'Teacher MOTs': Labour revive classroom licensing plan

Primary school in Surrey
Image caption Labour have promised to consult on the plans

"If you're not willing to engage in re-licensing to update your skills then you really shouldn't be in the classroom."

So says Tristram Hunt, the shadow education secretary, who says that teachers in England would have to be licensed every few years in order to work in state schools under a future Labour government.

Does this demonstrate that Hunt is bringing a new tougher, dare one say Blairite, edge to Labour's domestic policy offer?

The truth is that it is too early to tell.

Hunt has revived an idea first put forward and then dropped by Ed Balls when he was childrens and schools secretary.

The National Union of Teachers (NUT) organised a mass petition to oppose his idea of introducing a "licence to practice" for teachers which would have to be renewed every five years.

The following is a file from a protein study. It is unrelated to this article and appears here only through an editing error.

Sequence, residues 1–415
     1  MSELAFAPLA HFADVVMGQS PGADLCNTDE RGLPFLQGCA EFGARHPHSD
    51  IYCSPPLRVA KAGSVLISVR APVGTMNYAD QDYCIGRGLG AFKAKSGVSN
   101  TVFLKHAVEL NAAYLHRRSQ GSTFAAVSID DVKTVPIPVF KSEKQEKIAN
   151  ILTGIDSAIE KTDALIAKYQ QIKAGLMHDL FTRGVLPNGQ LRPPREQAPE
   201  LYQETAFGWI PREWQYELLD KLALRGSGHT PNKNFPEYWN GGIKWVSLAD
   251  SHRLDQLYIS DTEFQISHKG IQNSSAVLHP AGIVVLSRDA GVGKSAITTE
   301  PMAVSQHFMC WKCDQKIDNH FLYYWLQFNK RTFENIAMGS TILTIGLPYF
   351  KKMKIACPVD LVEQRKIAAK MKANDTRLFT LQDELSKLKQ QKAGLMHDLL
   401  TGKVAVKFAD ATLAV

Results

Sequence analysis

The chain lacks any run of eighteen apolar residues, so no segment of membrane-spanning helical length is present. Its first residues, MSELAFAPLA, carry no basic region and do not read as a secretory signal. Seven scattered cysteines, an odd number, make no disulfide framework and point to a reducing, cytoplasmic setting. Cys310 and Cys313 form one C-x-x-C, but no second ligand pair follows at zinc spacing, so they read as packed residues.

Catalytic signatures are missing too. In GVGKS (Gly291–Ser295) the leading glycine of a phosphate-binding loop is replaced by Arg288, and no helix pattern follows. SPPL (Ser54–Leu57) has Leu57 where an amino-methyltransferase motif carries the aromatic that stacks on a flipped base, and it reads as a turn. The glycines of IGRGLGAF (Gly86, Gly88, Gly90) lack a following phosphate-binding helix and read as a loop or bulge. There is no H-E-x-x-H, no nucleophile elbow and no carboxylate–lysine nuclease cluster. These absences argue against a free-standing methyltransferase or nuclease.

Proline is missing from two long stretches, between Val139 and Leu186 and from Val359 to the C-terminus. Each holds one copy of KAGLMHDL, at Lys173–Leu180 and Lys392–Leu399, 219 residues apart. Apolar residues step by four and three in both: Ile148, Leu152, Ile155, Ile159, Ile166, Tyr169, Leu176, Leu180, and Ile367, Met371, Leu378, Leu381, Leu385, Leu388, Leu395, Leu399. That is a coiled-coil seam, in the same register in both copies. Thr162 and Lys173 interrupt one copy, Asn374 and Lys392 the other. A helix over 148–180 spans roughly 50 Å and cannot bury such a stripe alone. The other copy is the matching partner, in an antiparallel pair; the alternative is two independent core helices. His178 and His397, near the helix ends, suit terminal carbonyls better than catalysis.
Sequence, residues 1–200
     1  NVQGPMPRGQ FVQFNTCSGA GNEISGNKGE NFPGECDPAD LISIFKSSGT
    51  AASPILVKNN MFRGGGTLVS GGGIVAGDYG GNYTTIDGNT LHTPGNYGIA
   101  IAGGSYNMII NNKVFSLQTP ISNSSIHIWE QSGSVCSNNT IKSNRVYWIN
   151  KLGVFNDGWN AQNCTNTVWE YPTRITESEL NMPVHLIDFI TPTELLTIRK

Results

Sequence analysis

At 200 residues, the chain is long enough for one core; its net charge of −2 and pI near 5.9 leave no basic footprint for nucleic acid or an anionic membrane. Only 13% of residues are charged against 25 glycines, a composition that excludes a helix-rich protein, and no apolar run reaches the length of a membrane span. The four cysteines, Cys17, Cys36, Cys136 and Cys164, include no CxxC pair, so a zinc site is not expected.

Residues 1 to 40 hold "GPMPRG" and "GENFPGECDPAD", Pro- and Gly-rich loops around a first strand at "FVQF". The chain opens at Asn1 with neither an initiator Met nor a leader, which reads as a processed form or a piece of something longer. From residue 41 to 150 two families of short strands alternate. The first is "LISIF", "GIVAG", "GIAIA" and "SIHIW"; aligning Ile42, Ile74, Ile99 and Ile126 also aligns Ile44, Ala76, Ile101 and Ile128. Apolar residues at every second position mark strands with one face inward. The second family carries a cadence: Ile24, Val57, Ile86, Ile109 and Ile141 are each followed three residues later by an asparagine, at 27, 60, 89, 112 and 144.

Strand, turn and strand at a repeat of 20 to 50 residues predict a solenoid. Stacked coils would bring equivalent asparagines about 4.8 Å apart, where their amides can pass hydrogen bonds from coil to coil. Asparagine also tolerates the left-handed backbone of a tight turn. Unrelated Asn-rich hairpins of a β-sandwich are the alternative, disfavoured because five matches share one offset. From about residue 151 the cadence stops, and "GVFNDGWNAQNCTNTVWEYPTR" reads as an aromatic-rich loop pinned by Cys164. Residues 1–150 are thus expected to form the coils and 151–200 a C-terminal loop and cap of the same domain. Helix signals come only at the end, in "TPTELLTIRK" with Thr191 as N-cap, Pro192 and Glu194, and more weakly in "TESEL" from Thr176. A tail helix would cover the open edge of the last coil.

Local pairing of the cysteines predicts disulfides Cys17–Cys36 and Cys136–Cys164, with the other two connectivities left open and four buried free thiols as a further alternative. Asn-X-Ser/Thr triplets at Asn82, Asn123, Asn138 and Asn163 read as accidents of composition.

Labour insiders say they feared anything that could be used to undermine hard-won terms and conditions; which might empower heads to remove teachers they didn't rate or which would involve an extension of the time in which teachers could be monitored in their classrooms.

Hunt's plan is far from detailed but is is clear that he has dropped some of the aspects of the Balls plan which the NUT found objectionable.

His plan may involve re-licensing less than every five years (perhaps every seven or nine) and, crucially, it will not involve only heads doing the assessments.

No wonder then that the NUT told the BBC that "the devil will be the detail".